Visite médicale, times two

I went to Grenoble today for a medical visit required by the préfecture (or else no new carte de séjour). I had done the exact same thing last year when I first arrived in France, so at least I knew what to expect. But still, wasting 20 € and an entire day just to get a chest x-ray is rather annoying.

It took me 3 hours to get to the ANAEM office (bus, train, tram, walking), which was closed upon my arrival anyway. So I had to stand outside for 30 minutes trying not to freeze to death (why was it so ridiculously windy today?)

I recognized the same nurse and doctor as the previous year. I even had the same weight (you don’t want to know) and same bad left eye (I swear I got new contacts!). The doctor was just as inquisitive as before – Is Bush really as dumb as people say he is? Who do you think will be the next American president? Thank goodness Bush can’t be president for a third term!

20 minutes later and I was out the door, precious récépissé de visite médicale in my hand. I originally thought I wanted to do some Christmas shopping in the Grand’Place mall, but after dealing with so many random (and angry) people on three forms of public transportation plus the fact that I couldn’t stop shivering even indoors, I just wanted to go home and be warm.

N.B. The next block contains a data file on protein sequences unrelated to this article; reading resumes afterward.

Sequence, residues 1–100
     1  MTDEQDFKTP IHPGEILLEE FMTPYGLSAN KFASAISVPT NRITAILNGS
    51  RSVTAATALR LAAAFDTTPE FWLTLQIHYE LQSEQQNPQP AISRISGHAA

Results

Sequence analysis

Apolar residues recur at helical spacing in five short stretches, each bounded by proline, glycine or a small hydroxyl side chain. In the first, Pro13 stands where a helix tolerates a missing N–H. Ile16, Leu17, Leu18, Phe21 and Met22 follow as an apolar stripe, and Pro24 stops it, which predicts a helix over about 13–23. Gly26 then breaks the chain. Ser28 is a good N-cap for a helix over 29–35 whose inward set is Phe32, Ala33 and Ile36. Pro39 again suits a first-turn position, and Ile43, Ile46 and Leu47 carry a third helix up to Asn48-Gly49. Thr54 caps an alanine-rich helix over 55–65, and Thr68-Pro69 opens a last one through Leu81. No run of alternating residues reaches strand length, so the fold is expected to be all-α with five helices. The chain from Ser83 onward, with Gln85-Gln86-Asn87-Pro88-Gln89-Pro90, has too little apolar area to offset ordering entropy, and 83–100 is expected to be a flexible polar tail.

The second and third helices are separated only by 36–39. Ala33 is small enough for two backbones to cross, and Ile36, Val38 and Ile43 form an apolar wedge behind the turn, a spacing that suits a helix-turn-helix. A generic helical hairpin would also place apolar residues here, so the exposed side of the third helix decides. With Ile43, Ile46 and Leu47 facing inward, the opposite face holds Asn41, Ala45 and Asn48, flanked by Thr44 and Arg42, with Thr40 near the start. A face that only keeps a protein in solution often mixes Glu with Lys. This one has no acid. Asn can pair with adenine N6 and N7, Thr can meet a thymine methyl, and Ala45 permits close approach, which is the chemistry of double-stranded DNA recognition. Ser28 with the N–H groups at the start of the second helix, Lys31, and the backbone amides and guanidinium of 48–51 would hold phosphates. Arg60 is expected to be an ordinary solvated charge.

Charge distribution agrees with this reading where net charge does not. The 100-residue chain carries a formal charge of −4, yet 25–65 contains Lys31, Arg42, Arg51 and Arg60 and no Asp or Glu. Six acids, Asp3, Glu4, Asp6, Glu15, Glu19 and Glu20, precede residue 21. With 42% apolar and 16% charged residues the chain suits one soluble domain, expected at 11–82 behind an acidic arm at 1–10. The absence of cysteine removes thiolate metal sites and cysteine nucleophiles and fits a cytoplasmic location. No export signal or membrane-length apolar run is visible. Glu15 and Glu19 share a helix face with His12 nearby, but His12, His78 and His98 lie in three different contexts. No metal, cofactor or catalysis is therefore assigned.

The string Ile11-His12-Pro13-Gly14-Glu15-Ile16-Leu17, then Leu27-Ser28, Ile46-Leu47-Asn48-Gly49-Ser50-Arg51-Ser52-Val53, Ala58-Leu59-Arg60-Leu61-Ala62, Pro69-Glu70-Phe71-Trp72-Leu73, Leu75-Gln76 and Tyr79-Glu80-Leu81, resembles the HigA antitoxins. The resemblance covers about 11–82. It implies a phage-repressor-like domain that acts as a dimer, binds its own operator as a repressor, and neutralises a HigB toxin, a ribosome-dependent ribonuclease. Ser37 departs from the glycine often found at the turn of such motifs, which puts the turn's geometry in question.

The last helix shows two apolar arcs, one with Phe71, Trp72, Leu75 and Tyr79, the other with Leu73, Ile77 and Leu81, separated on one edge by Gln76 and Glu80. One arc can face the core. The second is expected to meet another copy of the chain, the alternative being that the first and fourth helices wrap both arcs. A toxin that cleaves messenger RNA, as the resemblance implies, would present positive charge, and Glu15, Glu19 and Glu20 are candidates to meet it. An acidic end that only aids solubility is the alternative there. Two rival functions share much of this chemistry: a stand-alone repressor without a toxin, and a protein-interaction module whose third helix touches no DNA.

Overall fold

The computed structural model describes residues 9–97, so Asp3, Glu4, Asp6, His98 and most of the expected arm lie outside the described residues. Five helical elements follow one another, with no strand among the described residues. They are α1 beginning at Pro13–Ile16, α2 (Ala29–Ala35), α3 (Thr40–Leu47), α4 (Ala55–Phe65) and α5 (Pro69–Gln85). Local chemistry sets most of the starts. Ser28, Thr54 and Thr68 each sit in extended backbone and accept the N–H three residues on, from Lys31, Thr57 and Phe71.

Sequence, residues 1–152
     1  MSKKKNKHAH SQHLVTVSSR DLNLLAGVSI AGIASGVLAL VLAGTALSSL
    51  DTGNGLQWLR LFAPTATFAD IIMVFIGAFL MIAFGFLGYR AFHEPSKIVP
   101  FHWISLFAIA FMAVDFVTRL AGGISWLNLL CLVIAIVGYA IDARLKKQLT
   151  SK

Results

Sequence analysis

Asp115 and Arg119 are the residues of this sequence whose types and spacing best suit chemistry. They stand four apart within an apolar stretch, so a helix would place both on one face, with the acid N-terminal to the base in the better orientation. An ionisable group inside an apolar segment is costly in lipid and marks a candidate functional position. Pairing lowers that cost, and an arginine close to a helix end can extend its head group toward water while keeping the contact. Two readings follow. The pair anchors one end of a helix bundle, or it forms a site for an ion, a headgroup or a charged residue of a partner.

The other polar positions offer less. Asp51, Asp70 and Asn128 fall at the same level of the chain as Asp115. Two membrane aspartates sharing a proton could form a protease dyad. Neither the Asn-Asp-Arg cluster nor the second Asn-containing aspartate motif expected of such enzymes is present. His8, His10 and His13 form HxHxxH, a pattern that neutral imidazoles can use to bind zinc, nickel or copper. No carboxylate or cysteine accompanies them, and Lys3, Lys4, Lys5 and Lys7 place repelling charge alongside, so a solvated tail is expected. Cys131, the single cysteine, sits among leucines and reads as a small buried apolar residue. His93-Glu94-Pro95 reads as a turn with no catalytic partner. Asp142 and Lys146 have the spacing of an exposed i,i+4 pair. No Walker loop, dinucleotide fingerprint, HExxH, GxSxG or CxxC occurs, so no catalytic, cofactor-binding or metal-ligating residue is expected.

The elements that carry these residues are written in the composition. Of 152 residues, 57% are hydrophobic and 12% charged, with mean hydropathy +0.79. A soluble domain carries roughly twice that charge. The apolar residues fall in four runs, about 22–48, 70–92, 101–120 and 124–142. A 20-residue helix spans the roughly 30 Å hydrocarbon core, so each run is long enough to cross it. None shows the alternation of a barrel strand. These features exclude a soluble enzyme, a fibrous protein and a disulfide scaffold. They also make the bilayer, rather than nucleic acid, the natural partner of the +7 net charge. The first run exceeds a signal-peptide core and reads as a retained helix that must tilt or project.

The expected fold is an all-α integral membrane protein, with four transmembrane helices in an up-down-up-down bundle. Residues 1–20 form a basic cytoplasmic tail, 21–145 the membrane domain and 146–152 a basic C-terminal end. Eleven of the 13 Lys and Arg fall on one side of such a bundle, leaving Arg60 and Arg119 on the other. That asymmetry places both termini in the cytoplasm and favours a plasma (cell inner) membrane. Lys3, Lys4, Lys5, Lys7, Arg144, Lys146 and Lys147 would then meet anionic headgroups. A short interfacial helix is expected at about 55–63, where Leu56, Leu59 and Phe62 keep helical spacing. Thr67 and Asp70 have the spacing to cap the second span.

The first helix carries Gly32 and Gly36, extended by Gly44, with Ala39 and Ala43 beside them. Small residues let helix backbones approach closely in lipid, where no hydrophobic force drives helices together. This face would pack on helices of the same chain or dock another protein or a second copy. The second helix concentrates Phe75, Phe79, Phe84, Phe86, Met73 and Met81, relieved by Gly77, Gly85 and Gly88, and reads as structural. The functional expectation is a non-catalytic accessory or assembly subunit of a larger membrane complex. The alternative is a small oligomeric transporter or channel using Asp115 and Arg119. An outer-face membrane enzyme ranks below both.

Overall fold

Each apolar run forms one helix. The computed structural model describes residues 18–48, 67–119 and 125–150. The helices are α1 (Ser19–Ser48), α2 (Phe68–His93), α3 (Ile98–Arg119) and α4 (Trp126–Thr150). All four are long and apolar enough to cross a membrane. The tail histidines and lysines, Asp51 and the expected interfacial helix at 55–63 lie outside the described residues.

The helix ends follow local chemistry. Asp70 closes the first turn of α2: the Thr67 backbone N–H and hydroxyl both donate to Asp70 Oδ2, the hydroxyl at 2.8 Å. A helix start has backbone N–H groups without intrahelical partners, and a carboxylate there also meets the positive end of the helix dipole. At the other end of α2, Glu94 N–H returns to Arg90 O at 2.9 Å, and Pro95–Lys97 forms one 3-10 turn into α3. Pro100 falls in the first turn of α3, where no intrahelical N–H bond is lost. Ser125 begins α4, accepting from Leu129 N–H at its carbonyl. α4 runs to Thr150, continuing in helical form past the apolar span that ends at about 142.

I don’t know why, but Grenoble doesn’t impress me. Every time I go there, I find it dirty and bland; just like any other big city with old buildings. But that could be because every time I go there, it’s for les démarches administratives and nothing else. I get to go back in about 6 months for the new immigrant integration crap that Sarkozy passed into law recently. Usually it’s for new arrivals, but since I will be getting my first vie privée et familiale carte de séjour, I will have to do it too regardless of how long I’ve already been in France. Yippee.

So now my question is – what does one do with two x-rays of one’s chest? Start making a Halloween costume for next year?

Christmas Spirit

So France doesn’t go crazy with Christmas decorations like the US does, so I’ve been having a hard time getting into the Christmas spirit this year. We finally bought some decorations this weekend so I feel a little better. Garland (guirlande), lights (guirlande électrique), card (carte) from Teresa, poinsettia plant from Jessica, and Joyeux Noël […]

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School & Public Transportation Vocabulary

un débrayage – short stoppage in work, not necessarily caused by a strike. Can include short protests against something that cannot be changed, complete with speeches that cannot be heard over the noise of uninterested students happy to have an excuse to miss class. Also the cause of unexpected trous in one’s schedule (see below). […]

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Why I don’t prefer the US to France: High cost of university

Anyone else think this is unfair? I took a class in the spring term (May/June), so my loan went into deferment, supposedly until 2010 – the year my university listed as my graduation date. But that wasn’t correct since I graduated just after that spring term in August 2007. (And I thought loans were automatically […]